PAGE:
OKX plans to hire 100 after securing Bahamas license

Quick Take

  • OKX has secured a digital asset license in The Bahamas.
  • The crypto exchange operator plans to hire up to 100 people to staff the new venture.

OKX, the world's second-largest crypto-only exchange by trading volume, has followed rival FTX and obtained a digital asset license in The Bahamas, where it plans to hire up to 100 people over the next 12 months.

The Seychelles-based exchange operator will use the newly licensed entity to onboard customers — starting with clients from Mexico — Jillian Bethel, Chief Executive Officer of OKX's Bahamian unit, said in an interview. 

''We have been working in a non-regulated space where clients trust us because of our track record,'' Bethel said. OKX wants to operate in a regulated space and will eventually bring existing clients under the regulated framework, she added.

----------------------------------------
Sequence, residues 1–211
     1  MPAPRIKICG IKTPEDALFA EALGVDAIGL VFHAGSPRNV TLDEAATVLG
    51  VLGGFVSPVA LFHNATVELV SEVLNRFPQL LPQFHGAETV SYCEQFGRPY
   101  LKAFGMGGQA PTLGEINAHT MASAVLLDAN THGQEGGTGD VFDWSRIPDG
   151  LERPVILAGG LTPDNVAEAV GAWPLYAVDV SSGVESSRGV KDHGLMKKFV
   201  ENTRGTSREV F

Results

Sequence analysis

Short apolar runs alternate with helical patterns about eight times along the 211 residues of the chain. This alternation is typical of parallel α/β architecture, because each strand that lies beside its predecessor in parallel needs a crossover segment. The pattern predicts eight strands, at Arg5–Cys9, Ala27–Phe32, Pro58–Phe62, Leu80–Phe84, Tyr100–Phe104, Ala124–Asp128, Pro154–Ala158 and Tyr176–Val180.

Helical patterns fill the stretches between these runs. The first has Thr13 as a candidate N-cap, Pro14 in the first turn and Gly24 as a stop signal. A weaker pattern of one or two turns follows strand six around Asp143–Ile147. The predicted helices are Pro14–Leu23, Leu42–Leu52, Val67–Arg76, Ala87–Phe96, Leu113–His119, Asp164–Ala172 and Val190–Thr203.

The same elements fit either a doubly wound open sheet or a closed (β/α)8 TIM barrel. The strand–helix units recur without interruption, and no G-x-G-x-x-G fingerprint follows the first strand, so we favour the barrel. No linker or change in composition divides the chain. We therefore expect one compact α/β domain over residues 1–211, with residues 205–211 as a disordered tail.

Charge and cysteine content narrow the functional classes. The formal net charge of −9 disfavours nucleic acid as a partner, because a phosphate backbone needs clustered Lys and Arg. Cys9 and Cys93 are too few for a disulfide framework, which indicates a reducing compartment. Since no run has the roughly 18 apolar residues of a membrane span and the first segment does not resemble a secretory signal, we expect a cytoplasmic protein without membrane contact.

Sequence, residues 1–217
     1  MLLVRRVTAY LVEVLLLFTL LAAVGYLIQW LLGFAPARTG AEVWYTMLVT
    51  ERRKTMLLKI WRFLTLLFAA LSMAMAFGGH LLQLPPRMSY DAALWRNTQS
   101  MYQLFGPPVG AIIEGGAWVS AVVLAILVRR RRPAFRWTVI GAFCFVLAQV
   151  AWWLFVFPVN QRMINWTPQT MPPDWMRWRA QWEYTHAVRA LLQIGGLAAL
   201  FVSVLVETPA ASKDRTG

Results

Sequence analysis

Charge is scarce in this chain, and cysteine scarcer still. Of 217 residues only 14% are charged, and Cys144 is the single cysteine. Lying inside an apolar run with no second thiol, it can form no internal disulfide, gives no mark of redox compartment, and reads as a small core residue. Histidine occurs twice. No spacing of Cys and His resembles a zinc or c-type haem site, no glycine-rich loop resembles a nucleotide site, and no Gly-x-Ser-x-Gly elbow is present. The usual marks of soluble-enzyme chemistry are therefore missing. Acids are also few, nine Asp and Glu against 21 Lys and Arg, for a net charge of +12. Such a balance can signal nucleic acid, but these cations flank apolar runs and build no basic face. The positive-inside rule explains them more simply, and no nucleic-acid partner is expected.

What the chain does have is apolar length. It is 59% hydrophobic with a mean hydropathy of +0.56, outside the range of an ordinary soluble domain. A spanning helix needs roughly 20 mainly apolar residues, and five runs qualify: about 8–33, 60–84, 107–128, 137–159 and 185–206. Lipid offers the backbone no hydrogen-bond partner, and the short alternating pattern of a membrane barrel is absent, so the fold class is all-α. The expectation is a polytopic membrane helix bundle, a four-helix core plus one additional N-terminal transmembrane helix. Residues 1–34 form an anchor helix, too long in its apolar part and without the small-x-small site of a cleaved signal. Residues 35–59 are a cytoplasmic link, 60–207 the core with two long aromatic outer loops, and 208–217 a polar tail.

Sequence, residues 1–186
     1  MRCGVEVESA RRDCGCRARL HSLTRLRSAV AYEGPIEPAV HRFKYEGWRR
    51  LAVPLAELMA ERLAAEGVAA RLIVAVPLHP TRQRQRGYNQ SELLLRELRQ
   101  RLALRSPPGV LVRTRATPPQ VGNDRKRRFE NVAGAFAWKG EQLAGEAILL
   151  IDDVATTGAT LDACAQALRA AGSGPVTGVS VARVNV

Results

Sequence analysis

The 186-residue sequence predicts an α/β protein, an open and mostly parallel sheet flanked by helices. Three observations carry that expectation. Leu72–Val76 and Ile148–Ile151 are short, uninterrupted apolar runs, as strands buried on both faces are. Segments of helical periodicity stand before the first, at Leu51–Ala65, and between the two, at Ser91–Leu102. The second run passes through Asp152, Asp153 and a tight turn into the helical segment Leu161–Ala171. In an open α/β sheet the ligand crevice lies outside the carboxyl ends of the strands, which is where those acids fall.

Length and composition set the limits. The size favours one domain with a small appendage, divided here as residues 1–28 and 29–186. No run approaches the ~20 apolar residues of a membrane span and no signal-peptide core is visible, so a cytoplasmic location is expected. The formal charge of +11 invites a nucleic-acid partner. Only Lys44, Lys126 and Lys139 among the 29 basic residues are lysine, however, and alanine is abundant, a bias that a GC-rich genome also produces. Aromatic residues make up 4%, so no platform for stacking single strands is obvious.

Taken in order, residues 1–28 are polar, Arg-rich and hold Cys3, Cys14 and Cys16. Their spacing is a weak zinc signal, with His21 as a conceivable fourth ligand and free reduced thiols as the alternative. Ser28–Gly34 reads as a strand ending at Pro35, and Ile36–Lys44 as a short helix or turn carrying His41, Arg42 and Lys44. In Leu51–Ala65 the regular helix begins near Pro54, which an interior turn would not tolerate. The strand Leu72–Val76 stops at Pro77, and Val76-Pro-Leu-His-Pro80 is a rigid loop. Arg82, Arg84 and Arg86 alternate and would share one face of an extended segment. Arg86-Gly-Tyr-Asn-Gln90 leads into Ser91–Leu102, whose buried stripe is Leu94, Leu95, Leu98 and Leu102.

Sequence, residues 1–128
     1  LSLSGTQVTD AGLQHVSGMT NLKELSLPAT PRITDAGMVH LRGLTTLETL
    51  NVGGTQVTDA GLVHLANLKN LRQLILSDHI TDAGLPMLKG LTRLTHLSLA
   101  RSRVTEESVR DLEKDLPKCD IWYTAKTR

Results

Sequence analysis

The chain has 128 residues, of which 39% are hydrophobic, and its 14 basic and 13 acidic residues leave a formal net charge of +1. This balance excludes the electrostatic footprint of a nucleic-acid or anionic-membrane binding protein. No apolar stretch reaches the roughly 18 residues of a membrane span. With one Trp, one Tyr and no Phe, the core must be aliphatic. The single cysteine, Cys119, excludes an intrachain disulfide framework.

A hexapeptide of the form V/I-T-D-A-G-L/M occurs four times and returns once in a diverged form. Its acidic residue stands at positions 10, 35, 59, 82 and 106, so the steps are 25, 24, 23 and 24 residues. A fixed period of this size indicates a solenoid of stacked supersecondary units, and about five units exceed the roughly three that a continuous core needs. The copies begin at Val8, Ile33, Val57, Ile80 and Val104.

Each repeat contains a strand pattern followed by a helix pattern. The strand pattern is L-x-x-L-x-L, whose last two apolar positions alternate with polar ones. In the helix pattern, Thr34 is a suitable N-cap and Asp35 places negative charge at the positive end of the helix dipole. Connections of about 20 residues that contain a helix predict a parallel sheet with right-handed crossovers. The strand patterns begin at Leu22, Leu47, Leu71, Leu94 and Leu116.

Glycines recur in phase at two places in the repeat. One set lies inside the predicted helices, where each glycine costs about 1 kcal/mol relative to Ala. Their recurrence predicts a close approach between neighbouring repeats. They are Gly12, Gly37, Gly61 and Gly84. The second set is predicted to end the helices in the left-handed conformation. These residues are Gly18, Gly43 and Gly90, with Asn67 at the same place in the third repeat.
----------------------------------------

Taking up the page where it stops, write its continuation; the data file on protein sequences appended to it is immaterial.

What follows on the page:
The Caribbean nation has made a bid to become a regional center for digital asset firms. In 2020, it introduced the Digital Assets and Registered Exchanges Bill, which established a licensing system for crypto-related firms. That gave exchanges and other crypto service providers the chance to gain an accreditation that sets certain minimum standards and can be used in sales pitches to clients.

Countries across the globe are deliberating on how flexible their crypto regulations should be. Some, like Malta and Dubai, have positioned themselves as crypto-friendly. In The Bahamas, Bethel says OKX will be able to offer nearly 100% of its products under its new license. By comparison, Hong Kong on Monday laid out requirements that digital asset service providers in the city apply for a regulatory license, with rules barring the platforms from offering more lucrative trading products including leveraged positions and derivatives.

One attraction of The Bahamas for OKX was that business and political circles were small. ''It is easier to have the regulator and the government along with the industry to all come together and say these are the things that happening and these are things that need to be regulated,'' said Bethel.

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